Life’s Simple 7 and Incident Hypertension: The REGARDS Study

1. A 6% risk reduction for developing hypertension was associated with a 1-point improvement in Life’s Simple 7 score, a metric for cardiovascular health.

Evidence Rating Level: 2 (Good)

Hypertension is a condition that affects roughly half of the adult US population, and is a known risk factor for cardiovascular disease (CVD), stroke, and numerous other health concerns. Although behaviours that are associated with better cardiovascular health (CVH) appear to lower blood pressure, such as exercise and weight loss, the relationship between CVH and hypertension risk is not well-researched. For instance, only one study in the US was conducted to investigate the correlation between hypertension risk and Life’s Simple 7 score (LS7), a metric developed by the American Heart Association to measure CVH. The aforementioned study investigated only Black adults and used a blood pressure of 140/90 mm Hg as the threshold for hypertension. Therefore, the current cohort study aimed to study both White and Black adults, and use a hypertension threshold of 130/80 mm Hg, as defined by the American Heart Association in 2017. Individuals on hypertension medication were also grouped as meeting this threshold. In the study, CVH was determined using the LS7 score, which measures body mass index, physical activity, diet, cigarette smoking, blood pressure, cholesterol levels, and glucose levels. Each factor was given a score of 0, 1, or 2, so that an LS7 score of 14 would indicate the best CVH. Overall, there were 2,930 participants in the study, 20% Black. When first enrolled between 2003 and 2007, all participants had normal blood pressure. At the follow-up between 2013 and 2016, 41% had developed hypertension (52% and 50% incidence for Black women and men, 37% and 42% incidence for White women and men). After controlling for all covariates, a 1-point increase in LS7 score was associated with 6% lower risk for hypertension (Risk Ratio 0.94, 95% CI 0.92-0.96). As well, no significant differences were found when categorizing by race or sex (P = 0.18 and 0.14 respectively). In conclusion, improved CVH was found to lower risk of developing hypertension, which lends support to guidelines that use the components of the LS7 metric to prevent or mitigate hypertension.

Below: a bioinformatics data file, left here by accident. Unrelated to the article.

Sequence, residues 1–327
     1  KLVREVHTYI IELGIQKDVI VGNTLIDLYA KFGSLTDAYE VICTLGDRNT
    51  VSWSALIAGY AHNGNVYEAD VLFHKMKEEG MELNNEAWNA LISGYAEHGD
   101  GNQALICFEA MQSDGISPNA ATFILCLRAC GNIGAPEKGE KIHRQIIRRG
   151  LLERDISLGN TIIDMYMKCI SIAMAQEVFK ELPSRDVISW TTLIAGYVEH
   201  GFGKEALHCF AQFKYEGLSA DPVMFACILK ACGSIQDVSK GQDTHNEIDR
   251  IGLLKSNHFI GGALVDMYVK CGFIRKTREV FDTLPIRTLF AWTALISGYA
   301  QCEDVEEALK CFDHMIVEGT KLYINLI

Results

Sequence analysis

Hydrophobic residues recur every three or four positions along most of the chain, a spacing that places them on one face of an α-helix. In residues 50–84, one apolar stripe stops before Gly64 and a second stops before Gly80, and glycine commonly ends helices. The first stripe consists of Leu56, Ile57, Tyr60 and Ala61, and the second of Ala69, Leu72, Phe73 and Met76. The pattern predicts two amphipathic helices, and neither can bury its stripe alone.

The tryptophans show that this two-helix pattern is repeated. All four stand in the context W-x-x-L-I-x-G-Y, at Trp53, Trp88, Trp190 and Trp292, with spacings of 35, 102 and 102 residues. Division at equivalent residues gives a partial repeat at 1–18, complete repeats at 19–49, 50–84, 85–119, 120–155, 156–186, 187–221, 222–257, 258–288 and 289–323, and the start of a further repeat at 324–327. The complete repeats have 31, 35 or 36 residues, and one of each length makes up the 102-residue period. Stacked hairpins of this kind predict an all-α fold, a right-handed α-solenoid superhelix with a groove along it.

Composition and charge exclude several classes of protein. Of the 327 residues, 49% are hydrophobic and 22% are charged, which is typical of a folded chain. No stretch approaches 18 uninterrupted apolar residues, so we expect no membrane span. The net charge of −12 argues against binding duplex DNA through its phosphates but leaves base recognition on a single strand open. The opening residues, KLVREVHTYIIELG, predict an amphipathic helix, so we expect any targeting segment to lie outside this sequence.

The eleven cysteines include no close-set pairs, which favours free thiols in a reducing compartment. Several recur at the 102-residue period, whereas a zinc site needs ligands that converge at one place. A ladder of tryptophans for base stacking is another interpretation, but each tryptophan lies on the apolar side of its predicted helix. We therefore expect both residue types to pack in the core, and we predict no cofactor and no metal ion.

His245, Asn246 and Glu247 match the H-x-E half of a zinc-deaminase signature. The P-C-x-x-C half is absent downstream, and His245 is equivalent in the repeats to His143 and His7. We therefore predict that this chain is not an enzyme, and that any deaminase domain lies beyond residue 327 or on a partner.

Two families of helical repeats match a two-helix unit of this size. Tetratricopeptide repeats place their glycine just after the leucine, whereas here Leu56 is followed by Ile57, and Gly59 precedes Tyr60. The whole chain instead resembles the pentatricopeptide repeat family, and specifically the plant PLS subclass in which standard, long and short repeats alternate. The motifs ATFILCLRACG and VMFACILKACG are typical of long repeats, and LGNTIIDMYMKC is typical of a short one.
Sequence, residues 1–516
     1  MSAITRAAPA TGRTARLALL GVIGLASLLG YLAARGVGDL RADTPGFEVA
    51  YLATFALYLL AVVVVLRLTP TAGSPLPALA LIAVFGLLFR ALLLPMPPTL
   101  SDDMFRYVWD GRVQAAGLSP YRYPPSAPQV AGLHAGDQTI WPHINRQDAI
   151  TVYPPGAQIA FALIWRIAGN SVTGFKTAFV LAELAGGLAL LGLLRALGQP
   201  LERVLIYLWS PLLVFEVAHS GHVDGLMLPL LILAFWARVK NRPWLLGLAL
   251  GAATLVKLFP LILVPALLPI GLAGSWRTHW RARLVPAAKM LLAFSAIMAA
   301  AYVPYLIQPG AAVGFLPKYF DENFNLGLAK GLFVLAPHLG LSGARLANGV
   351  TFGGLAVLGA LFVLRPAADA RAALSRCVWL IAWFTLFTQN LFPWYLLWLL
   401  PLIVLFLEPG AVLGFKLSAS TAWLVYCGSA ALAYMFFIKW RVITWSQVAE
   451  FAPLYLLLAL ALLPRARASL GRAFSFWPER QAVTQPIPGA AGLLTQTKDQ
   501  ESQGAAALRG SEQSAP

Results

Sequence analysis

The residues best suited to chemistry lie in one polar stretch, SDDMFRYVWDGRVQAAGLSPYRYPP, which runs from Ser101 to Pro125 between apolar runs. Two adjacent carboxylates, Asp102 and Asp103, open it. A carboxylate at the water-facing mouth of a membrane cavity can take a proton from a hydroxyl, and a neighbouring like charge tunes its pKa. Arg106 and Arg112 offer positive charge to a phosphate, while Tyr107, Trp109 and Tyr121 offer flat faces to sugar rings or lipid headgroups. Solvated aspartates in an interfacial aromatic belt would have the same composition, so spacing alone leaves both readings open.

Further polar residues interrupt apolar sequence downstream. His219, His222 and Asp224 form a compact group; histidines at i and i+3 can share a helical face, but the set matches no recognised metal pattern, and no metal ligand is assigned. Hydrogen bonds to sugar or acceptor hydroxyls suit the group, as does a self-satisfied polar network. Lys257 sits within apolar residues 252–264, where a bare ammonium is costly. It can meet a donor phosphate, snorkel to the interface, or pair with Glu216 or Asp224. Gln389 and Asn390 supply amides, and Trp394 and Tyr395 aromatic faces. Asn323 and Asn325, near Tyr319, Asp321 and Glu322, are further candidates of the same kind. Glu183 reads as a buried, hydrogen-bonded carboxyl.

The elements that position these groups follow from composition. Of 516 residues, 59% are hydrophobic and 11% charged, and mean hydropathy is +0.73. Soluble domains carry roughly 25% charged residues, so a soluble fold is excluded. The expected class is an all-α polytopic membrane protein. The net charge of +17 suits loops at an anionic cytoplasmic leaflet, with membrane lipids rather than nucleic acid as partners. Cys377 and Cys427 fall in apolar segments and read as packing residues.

Click to read the study in JAHA

Image: PD

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